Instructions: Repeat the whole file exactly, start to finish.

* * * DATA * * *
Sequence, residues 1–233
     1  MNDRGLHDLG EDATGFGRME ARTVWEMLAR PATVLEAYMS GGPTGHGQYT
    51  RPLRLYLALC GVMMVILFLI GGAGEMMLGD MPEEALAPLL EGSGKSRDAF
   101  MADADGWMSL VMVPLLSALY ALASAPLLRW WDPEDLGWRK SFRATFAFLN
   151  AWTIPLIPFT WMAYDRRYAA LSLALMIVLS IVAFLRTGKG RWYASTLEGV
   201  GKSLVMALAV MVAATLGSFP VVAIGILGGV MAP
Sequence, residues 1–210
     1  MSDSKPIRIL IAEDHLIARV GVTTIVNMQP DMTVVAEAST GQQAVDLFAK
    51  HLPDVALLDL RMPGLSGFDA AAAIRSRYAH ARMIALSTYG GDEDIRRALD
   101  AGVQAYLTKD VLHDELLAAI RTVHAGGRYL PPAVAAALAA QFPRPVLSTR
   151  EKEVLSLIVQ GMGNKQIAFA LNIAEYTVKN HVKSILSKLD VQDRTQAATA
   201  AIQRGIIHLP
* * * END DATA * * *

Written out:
Sequence, residues 1–233
     1  MNDRGLHDLG EDATGFGRME ARTVWEMLAR PATVLEAYMS GGPTGHGQYT
    51  RPLRLYLALC GVMMVILFLI GGAGEMMLGD MPEEALAPLL EGSGKSRDAF
   101  MADADGWMSL VMVPLLSALY ALASAPLLRW WDPEDLGWRK SFRATFAFLN
   151  AWTIPLIPFT WMAYDRRYAA LSLALMIVLS IVAFLRTGKG RWYASTLEGV
   201  GKSLVMALAV MVAATLGSFP VVAIGILGGV MAP
Sequence, residues 1–210
     1  MSDSKPIRIL IAEDHLIARV GVTTIVNMQP DMTVVAEAST GQQAVDLFAK
    51  HLPDVALLDL RMPGLSGFDA AAAIRSRYAH ARMIALSTYG GDEDIRRALD
   101  AGVQAYLTKD VLHDELLAAI RTVHAGGRYL PPAVAAALAA QFPRPVLSTR
   151  EKEVLSLIVQ GMGNKQIAFA LNIAEYTVKN HVKSILSKLD VQDRTQAATA
   201  AIQRGIIHLP